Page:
You’ll also receive two ethernet cables, two power cables (one for each box) and the requisite quick start “installation” guide.
The installation guide is purely in pictures, with no text.
However, I was relieved to find that the setup was much easier than the dLan 1200+ powerline device from the same company, both in theory and in practice.
But initial setup was not without its wrinkles…
With no buttons to press when you first switch them on, it’s completely plug and play and therefore suitable for even the most technologically impaired.
I wanted to try a direct comparison with the aforementioned powerline kit, so I thought I would set up the satellite in our extension room.
The base station booted up quickly and displayed the expected combination of lights.
However, once the satellite station booted up, I could see a white light for the power, but a solid red light for the connection on both devices.
There was no real indication in the guide as to precisely what this meant. It seemed to say “no connection”, but the online manual told a different story: “data transmission rate not in optimum range”.
Since I have good results in the same room from my comparison powerline adaptors, I was somewhat taken aback by this turn of events.
The pictures on the box clearly communicate the idea of being able to connect the devices across some distance (see box shot, below), but here they had fallen at the first hurdle.
My house is a reasonable size, but a mansion it is not!
I moved the satellite box into the kitchen and plugged it in there. This represents only a very small change in range from the extension, although there is perhaps one fewer wall to get through.
This time, I got a white connection light. Now we were getting somewhere, but then began the all important speed tests.
Sticklers for detail, or the more cynical among us, may feel that Devolo’s marketing department are being a little misleading in titling this device “Gigagate”:
Despite its name, the Gigagate satellite unit only has 1 high speed gigabit ethernet port. The remaining ports are standard “fast ethernet”.
Time will only tell if this translates well into full 4K TV streaming from the internet. I imagine that gigabit bandwidth will expand to the remaining ethernet ports in future versions of the device.
The Gigagate Wifi signal operates on the ‘ac’ standard, which is output in the 5 GHz range. This should be very stable and plenty quick enough for the most demanding uses. This will of course be limited by what other equipment you have.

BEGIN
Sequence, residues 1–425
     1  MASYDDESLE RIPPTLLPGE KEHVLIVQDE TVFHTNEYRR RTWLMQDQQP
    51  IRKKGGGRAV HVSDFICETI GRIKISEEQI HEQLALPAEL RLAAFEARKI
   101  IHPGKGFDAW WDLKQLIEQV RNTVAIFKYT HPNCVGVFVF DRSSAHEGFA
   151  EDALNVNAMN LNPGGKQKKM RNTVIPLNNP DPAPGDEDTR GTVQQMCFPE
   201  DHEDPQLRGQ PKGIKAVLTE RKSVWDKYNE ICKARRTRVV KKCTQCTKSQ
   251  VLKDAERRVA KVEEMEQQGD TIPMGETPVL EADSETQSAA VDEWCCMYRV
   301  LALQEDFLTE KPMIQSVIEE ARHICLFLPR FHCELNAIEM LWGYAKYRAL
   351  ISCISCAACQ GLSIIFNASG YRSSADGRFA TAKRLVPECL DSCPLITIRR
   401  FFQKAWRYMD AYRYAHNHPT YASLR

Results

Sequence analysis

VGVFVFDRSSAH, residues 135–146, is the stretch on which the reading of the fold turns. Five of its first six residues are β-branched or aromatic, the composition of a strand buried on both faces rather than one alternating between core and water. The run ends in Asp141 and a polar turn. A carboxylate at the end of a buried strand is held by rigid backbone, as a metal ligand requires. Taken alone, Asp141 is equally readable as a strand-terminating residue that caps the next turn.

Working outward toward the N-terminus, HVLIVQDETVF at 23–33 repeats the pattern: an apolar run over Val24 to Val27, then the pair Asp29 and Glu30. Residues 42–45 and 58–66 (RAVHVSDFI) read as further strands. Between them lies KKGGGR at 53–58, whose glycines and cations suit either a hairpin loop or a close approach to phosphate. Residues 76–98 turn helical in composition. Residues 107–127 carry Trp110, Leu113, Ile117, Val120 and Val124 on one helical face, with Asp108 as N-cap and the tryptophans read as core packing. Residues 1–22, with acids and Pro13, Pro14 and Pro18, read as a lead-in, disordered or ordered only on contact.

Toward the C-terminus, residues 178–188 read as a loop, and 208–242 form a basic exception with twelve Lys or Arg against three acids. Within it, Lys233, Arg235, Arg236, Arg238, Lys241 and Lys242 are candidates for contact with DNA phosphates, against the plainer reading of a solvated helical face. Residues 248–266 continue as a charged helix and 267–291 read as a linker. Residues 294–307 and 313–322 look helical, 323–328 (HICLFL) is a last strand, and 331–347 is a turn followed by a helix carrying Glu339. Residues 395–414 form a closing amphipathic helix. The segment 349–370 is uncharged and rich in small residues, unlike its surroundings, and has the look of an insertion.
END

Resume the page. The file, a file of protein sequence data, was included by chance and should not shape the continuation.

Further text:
My router is on the ’n’ Wifi standard, so I’ll never get the best throughput, until I upgrade it. Similarly, if your connected devices operate on older Wifi standards, they will be limited by the lower transmission rates in the 2.4 GHz range.
Since my kitchen is never going to contain entertainment equipment, I placed the satellite at different points in the house and tested the speeds at each one.
I used the same speed test app on my iPhone as I used previously for my dLan 1200+ Wifi powerline review.
Since I was impressed enough with the powerline adaptors to keep them in place, I wanted to see how the Gigagate would hold up against these solid devices. I therefore ran some tests before and after installing the Gigagate Starter Kit.
I ran the tests in each of the following locations:
Each time I moved the satellite from one location to another, I re-tested the speeds in each area. This strategy allowed me to get an idea of how well the Wifi signal would cope with walls and floors, while also checking the effective Wifi range from either the satellite or base station.
Please note that:
1. I only had time and equipment to test the Wifi output, not ethernet performance.
2. My router in the ’n’ class and as such, provides a bottleneck to the highest potential speeds available.
Since you don’t know my house, giving you all the detailed results would perhaps only serve to confuse matters. Aside from one or two unusual readings, I found a marked improvement in download speeds, when compared to my powerline network.
Before the Gigagate was installed, the maximum download speed achieved anywhere in the house was 49.37 Mbps, while the minimum was 2.95 Mbps in the bedroom.